Brave, Not Perfect

I’m so glad I participated in the Kindergarten Inclusion Cohort because once I was in the first IEP meeting I realized how unprepared I would have been without it.  

I’d met with our school district Special Services Manager and conveyed to her how important inclusion was to our family.

The draft she sent me was 76% inclusion. After a 2-hour meeting and lots of back and forth, we ended up at 84%.

I wasn’t prepared for how hard they clung to their goals. As we worked through each goal, I stated why I thought certain ones were unnecessary. They politely listened and then stated why they wanted it included. And then I countered with my suggestions and concerns, and they countered again. It seemed like they were listening to what I was saying but it wasn’t their language. I felt that to get more goals removed I would have to be irate, and I erred on the side of preserving relationships.
The general feeling from the team was positive. When I asked them to change or add wording on a goal, they were quick to accept it. We had collaborated a lot, and they were visibly proud of the IEP we wrote. It was obvious that they didn’t normally write inclusive, strength-based IEPs like this.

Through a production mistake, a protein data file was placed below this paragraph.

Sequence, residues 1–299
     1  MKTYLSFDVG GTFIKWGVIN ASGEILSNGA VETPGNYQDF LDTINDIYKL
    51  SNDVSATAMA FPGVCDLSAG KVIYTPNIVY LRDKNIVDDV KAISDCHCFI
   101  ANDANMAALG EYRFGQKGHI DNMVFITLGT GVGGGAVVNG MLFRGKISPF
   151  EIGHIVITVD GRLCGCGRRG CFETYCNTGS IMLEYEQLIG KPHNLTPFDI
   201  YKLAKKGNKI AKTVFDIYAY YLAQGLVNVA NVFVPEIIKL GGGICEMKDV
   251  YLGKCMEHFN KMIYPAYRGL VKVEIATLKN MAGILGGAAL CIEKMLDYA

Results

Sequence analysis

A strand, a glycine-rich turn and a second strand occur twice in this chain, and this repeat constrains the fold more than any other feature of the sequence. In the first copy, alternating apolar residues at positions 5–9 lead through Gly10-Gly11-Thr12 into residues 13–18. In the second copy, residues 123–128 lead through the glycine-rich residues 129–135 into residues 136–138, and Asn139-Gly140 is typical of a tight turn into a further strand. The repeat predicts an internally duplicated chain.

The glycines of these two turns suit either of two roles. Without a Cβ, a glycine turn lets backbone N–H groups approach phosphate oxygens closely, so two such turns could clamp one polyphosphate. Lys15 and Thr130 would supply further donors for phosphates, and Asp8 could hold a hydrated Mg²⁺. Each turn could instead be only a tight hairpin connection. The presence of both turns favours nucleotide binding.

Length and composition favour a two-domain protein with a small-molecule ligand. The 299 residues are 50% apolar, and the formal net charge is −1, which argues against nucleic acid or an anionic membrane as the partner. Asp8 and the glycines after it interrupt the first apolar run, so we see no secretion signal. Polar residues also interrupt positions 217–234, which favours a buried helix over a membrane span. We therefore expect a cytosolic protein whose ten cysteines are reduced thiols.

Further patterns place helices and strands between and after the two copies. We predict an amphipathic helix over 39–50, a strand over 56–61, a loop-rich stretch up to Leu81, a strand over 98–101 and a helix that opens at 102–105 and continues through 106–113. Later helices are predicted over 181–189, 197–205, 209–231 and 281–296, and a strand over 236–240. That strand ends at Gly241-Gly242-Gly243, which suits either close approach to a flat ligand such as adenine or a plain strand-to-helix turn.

At an hour-and-a-half in, we went around and asked the service providers one-by-one if some of the services could be push-in instead of pull-out.

Service settings were negotiated for more push-in, but everyone was very slow to do so.  
The principal took a pause to say, “I think we all can agree that this student needs a 1:1 all day.” Immediately, the two kindergarten general education teachers piped up and said, “Yes, we do, too.”  I let the talking die down and said, “I don’t feel comfortable agreeing to full time para support unless we have a fade out plan.”

The option presented was to increase inclusion time by declining some of the related services. I was on the fence because it is important for rapport to be built with my  daughter, so we decided to see how the first few weeks of school go. I asked to schedule a meeting in November to adjust the IEP if needed after parent/teacher conferences.

I’m proud of the tone I set—checking every detail, speaking my mind, and building working relationships. I do wish the percentage of inclusion for my child was higher. I wasn’t prepared for feeling so mixed, but truly it is a preview of the next 15 years. The biggest takeaway is that my foremost challenge will be educating each team member individually, and in their own “language” about how and why inclusion is truly best practice. They are absolutely still operating in the old paradigm of “special services in a separate setting is where special kids learn best.”

There’s a saying I heard that really rings true with advocacy: “Brave, not perfect.” I’ve been trying to take it to heart. We’ve started the journey and that’s the hardest part. We have to keep going and not worry about being perfect at it.

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